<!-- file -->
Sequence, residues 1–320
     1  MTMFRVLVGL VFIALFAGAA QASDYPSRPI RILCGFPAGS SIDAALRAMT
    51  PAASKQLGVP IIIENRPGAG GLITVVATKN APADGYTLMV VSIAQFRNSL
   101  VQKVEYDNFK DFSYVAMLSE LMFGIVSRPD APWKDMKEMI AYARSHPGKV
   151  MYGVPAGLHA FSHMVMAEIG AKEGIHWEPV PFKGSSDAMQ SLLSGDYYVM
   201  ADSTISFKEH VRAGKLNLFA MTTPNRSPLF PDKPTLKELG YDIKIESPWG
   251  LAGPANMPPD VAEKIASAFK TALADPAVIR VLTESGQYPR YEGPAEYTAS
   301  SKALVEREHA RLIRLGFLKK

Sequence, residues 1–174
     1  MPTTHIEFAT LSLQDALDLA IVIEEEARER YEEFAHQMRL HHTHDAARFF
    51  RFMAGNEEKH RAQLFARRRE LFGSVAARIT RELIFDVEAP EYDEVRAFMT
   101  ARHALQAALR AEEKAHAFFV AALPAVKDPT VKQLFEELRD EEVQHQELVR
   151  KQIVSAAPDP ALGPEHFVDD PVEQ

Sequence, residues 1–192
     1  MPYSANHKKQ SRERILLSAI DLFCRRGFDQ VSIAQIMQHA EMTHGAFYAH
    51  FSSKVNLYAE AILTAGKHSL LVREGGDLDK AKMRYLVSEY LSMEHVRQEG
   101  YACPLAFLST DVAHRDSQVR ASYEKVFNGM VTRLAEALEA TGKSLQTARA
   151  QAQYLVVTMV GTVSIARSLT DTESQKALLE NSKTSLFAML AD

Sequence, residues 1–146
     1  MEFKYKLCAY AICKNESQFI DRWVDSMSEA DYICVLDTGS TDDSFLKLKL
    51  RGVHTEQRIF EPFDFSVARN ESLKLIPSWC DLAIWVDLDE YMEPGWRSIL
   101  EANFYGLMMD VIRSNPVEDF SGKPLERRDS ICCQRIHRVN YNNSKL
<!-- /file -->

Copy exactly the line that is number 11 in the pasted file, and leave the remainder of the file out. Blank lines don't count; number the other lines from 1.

    51  RFMAGNEEKH RAQLFARRRE LFGSVAARIT RELIFDVEAP EYDEVRAFMT